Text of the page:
Bacteria Based Biofuels Studied In Minnesota

Researchers at the University of Minnesota say they are one key step closer to being able to make renewable petroleum fuels from bacteria, sunlight, and carbon dioxide. The university’s experiments are funded, in part, by a $2.2 million grant from the United States Department of Energy’s Advanced Research Projects Agency-energy (ARPA-e) program.

Janice Frias, who only recently earned her doctorate degree, found how to transform fatty acids produced by bacteria into ketones, which can be altered to make hydrocarbon fuels.

Photosynthetic Bacteria: Arizona State University

image via Arizona State University

University researchers have been using Synechococcus, a bacteria that coverts CO2 to sugars in sunlight, and feeding the sugars produced to another bacteria called Shewanella, which then in turn can make hydrocarbons, the main component of fossil fuels.

We’ve covered other research initiatives working with organisms to produce biofuels, including some that use beer, but the experiments at the University of Minnesota are different in several ways. Whatever the solution for renewable energy is in the future, let’s hope it comes fast. According the college’s release, experts in the energy fields say fossil fuels will be largely depleted in only 50 years.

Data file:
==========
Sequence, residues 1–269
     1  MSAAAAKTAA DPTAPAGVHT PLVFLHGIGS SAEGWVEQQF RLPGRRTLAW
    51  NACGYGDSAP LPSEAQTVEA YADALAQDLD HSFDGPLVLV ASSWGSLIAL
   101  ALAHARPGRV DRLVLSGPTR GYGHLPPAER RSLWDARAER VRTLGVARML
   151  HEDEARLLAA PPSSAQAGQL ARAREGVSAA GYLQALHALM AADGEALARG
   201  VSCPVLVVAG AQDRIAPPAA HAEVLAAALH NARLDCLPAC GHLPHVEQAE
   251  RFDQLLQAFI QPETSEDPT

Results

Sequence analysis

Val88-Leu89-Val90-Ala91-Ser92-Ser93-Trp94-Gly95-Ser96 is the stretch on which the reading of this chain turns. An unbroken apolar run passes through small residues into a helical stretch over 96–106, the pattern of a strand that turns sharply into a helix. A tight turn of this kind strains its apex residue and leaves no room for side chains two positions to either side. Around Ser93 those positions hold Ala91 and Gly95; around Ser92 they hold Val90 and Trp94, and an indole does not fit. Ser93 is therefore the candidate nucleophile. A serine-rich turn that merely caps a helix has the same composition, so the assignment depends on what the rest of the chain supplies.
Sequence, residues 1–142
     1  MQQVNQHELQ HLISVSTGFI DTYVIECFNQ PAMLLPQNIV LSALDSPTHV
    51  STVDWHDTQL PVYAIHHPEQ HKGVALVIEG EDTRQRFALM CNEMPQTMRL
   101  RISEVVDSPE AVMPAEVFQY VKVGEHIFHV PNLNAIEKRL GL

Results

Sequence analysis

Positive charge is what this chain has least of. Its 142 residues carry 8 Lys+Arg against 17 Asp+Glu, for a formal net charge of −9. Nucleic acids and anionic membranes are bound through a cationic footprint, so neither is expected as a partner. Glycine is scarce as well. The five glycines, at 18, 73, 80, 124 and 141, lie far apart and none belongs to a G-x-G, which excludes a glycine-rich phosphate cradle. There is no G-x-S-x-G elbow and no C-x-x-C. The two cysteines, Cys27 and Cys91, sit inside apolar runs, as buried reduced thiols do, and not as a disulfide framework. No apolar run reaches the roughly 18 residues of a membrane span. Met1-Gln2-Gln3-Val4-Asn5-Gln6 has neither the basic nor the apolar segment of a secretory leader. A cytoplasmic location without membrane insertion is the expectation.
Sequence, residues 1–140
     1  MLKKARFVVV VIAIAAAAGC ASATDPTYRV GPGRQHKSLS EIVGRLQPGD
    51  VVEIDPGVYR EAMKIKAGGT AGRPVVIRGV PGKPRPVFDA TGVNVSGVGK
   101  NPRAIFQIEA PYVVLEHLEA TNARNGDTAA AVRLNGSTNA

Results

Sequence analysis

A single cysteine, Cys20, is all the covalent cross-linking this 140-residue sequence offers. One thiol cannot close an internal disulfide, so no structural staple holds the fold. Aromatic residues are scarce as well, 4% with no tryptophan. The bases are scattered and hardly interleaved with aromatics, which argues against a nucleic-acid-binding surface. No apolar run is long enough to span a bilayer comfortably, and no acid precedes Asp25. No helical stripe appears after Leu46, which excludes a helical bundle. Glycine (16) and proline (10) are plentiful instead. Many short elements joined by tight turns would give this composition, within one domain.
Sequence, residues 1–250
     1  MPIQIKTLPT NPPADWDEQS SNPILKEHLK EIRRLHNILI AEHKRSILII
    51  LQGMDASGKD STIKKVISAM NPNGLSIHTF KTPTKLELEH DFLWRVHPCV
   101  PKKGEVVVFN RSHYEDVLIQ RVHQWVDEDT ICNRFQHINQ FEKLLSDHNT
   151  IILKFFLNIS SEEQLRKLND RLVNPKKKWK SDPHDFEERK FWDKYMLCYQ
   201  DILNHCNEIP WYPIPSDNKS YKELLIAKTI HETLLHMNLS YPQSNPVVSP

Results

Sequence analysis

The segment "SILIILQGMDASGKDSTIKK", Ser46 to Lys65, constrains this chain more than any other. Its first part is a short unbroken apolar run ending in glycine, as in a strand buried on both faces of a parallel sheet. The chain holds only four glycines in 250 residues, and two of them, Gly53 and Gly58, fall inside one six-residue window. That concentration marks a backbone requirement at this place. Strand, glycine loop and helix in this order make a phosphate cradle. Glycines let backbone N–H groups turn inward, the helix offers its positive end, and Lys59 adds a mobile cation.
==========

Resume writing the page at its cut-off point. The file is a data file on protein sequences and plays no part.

Aaron Colter is a freelance writer and marketing consultant in Portland, Oregon. A graduate of Purdue University, he has worked for the NCAA, Dark Horse Comics, Willamette Week, AOL, The Huffington Post, Top Shelf Productions, DigitalTrends, theMIX agency, SuicideGirls, EarthTechling, d'Errico Studios and others. He is also the co-founder of, a free record label, recording studio, and distribution service for independent musicians.

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